Mongolian is a language spoken by 5.2 million people, primarily in Mon­go­lia and the Inner Mon­go­lia region of China. It is by far the most-spoken member and namesake of the Mongolic language family.

Traditionally, and still in Inner Mongolia to this day, Mongolian has been written in the Mongolian script. In the separate country of Mongolia, Cyr­il­lic has been used to write it since the 1940s, but the government has announced their intention to switch back to the traditional Mongolian script by 2025.

Like many other languages in the Altaic sprachbund, Mongolian exhibits vowel harmony. The back vowels ‘a’, ‘o’ and ‘u’ are considered masculine, the front vowels ‘e’, ‘ö’ and ‘ü’ are considered feminine, and ‘i’ is a neutral vowel. Masculine words can only contain back vowels and ‘i’, feminine words can only contain front vowels and ‘i’, and if a word contains all ‘i’s, it’s considered a feminine word.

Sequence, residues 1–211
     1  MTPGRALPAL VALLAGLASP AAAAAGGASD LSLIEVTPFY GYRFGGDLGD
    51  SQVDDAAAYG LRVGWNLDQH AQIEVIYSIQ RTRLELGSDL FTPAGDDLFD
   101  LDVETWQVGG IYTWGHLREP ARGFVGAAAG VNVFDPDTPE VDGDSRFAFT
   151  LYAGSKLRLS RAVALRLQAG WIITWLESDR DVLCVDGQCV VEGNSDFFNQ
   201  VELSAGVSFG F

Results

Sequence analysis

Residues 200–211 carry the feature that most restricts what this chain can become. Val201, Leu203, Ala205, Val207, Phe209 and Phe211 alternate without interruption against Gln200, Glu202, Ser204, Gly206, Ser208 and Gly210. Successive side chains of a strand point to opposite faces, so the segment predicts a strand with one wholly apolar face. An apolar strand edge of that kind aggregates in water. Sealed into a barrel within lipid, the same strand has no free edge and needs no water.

Mongolian makes use of many suffixes, to convey things like pluralisation, noun case (it has eight cases, but the nominative is unmarked) and possession. It is typologically an agglutinating language. It has both inclusive and exclusive “we” and a T–V distinction for 2nd person singular pronouns.

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